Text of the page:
Girls now grapple with issues that make bringing them up tough but rewarding, writes Joanna Moorhead
'Shall we have another baby?" I asked my husband around the time we conceived our youngest. We already had three children, but I really, really wanted four. "Why not?" he said gamely. "But you know, don't you, that it will be another girl?"
Nine months later, as Gary had predicted, our fourth daughter landed safely on our bedroom floor. I could not have been more thrilled: when people asked whether we weren't even a teensy bit disappointed she wasn't a boy, I honestly wondered if they were a few sandwiches short of a picnic.
By this stage, our older girls were 10, eight and three, and I was certain that life held no bigger prize than the joy of raising daughters. Bringing up sons may be just as good, for all I know – but the one thing of which I am sure is that raising girls makes for a wonderful, passion-fuelled, exciting, interesting and fun-filled lifetime.
The decade since Catriona's birth has done nothing to dispel my thrill at being the mother of four girls, but it has certainly brought more than a few frightening moments for Gary and me.
I don't want to invade the privacy of my elder daughters, who are now 20 and 18, by spelling out the gory details, but think alcohol, ambulances, hospitals, police officers and wild parties and you're in the right area – and that's only the stuff we know about.
I grew up with a sister and we were no angels, but my parents didn't have to deal with most of the situations Gary and I have had to deal with. Girlhood has changed over the last few years: it seems much edgier, more fragile, more frenzied and scarier than it was in my day.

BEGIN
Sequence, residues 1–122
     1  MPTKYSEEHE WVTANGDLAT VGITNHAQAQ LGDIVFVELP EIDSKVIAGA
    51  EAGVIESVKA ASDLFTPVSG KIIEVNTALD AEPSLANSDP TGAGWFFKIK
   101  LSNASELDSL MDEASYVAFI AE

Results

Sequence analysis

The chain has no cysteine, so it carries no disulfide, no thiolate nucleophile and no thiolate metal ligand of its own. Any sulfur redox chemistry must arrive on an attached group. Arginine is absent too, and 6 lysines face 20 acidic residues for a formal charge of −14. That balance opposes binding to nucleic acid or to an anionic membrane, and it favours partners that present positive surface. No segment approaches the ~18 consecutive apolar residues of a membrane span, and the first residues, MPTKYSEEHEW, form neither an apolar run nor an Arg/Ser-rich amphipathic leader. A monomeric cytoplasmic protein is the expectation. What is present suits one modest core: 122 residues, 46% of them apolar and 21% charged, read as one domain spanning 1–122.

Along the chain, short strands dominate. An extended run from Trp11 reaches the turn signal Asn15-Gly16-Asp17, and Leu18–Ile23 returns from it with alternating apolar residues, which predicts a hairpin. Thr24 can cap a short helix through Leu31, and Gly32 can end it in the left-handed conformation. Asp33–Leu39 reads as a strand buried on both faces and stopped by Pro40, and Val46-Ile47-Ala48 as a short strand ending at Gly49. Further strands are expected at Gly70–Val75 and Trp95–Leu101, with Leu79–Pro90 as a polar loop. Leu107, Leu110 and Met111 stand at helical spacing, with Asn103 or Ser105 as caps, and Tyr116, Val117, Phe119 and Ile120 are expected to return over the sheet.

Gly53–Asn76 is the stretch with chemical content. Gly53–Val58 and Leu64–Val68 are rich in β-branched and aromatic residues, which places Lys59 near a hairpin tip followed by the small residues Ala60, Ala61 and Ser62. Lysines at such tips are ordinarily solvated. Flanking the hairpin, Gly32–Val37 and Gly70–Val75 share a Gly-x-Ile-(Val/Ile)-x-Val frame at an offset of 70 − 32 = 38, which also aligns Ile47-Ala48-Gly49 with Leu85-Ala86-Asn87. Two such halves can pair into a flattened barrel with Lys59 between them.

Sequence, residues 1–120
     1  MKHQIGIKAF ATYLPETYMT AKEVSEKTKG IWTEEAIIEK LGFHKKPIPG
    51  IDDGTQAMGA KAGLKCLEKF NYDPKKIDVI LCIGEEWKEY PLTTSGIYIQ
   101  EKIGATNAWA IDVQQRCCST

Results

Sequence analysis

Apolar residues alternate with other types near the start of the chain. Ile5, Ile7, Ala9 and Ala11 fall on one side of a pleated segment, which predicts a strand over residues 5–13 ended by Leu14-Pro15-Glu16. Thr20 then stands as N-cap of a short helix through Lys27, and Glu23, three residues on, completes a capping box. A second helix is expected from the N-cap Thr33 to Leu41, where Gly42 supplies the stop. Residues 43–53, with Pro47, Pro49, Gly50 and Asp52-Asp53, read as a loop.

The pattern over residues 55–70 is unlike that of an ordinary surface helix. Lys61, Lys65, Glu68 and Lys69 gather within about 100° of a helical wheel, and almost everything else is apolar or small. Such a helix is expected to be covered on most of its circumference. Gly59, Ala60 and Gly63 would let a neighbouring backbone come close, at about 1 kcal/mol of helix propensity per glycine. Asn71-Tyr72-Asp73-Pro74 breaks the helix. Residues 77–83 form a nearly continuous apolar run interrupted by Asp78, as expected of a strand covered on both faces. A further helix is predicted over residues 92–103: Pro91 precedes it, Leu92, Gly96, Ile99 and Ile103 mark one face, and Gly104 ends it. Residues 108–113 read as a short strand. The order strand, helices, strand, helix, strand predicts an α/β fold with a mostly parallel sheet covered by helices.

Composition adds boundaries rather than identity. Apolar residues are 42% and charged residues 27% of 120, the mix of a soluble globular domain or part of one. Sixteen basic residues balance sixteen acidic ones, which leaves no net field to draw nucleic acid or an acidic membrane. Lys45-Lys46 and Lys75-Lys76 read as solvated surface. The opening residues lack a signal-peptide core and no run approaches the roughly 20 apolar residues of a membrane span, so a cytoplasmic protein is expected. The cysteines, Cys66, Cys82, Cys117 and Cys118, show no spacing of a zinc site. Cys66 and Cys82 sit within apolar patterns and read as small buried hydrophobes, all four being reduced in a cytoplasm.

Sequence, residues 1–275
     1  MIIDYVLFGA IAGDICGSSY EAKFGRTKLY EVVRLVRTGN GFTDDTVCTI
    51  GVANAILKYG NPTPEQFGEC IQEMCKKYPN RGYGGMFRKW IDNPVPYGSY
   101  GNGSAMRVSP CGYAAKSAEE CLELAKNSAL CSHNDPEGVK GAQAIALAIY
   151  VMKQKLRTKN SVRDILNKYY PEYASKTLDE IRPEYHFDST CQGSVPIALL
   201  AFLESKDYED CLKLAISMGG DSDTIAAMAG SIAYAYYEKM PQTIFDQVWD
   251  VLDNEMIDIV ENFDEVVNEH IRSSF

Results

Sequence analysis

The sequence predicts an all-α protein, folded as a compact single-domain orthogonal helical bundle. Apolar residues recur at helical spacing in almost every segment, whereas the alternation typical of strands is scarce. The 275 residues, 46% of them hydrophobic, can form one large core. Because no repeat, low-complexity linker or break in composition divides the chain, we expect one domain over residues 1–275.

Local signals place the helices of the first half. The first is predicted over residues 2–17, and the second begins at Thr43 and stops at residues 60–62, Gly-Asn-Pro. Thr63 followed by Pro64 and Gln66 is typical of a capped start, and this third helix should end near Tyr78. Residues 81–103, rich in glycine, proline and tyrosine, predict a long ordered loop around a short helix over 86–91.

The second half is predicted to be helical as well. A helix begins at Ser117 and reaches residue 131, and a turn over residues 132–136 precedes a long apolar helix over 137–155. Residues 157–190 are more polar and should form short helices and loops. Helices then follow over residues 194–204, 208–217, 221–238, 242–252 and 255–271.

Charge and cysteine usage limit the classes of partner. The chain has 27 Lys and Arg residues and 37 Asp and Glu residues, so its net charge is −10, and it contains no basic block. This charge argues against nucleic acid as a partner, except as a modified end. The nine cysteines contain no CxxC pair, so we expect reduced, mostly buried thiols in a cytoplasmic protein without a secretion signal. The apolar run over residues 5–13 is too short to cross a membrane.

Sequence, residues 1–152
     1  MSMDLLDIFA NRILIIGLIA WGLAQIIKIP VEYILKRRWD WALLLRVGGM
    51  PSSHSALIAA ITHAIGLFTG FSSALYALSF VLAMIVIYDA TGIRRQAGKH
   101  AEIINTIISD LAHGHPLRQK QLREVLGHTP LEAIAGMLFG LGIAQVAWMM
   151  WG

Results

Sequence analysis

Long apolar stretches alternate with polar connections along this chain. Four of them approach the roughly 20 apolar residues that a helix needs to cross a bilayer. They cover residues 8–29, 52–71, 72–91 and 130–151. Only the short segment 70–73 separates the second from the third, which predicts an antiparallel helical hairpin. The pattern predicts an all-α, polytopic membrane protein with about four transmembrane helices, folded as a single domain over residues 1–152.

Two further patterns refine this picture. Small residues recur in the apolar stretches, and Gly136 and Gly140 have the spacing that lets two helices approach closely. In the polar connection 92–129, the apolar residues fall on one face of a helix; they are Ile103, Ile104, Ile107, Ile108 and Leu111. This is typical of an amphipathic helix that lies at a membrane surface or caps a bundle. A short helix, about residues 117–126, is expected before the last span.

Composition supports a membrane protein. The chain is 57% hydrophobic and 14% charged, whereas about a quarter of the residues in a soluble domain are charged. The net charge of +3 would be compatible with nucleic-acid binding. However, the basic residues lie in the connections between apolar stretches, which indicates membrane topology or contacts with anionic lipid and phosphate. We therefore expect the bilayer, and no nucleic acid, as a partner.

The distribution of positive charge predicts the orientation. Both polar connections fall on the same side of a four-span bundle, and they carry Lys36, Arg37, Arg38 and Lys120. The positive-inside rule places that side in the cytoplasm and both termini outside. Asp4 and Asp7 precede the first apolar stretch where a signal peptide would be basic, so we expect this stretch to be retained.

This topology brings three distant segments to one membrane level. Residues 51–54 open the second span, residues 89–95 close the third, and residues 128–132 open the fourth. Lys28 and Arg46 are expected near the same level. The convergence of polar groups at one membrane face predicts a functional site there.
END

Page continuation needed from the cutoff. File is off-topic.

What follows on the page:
The psychologist and author Steve Biddulph agrees. In 1997, he wrote a bestseller called Raising Boys. Back then, he says, the story was that while there were some worrying trends around boys (too much ADHD, exam underperformance, worries about excessive drinking), everything for girls was going rather well. Since then, things have about-faced radically.
"There's now a cluster of really serious problems that are hugely on the up for girls," he says. "One in five will experience a serious psychological disorder before reaching adulthood. They are a lot more anxious, they are more likely to self-harm, they are more prone to bullying, they are binge drinking and they are more likely to be at risk of promiscuous sexual behaviour. Girls are more stressed and depressed than they've ever been before."
So what's changed? Biddulph points to the big bad world of marketing and advertising, whose brightest brains worked out a few years ago that the pre-teen and teenage girl market was underexploited.
"They're perfect prey for the advertisers: young girls are socially very aware, very finely tuned to the cues in the world around them, and it's been easy for advertisers and marketing people to make them feel anxious or unsure about themselves, and to push items they can quickly be persuaded they 'need'."
In no time at all, says Biddulph, pre-teen and teenage girls were realising they desperately needed to be "cool", to have a certain look, to be a certain size, to wear their hair or their clothes a certain way. Instead of thinking, at the age of 10 or 11, 'what shall I do today?', they started thinking, 'how shall I look today?'.
Biddulph is right, and the commercial grip on the pre-teen and teenage girl market is well documented. As he says, we need to campaign against the way advertisers have been able to see our children as easy pickings, but we also need to believe that we, their parents, can still cut through the advertisers' seductive smooth-talk, that we can still – in essence – reach our daughters amid the frenzy of social media and texting and TV that surrounds them.
My girls inhabit bedrooms strewn with copies of Heat magazine, where their laptops and mobile phones are always within reach, where Celebrity Big Brother always seems to be blaring out of some screen or other. What hope, you wonder, has a parent against the media onslaught that has penetrated right to the heart of the home?
That's certainly how it feels when I tell Miranda (14) about Biddulph's suggestion that no teenage girl should have a TV in her bedroom, and that all mobile phones should be charged in the kitchen overnight, so they are out of reach, and no late-night texting or tweeting can go on.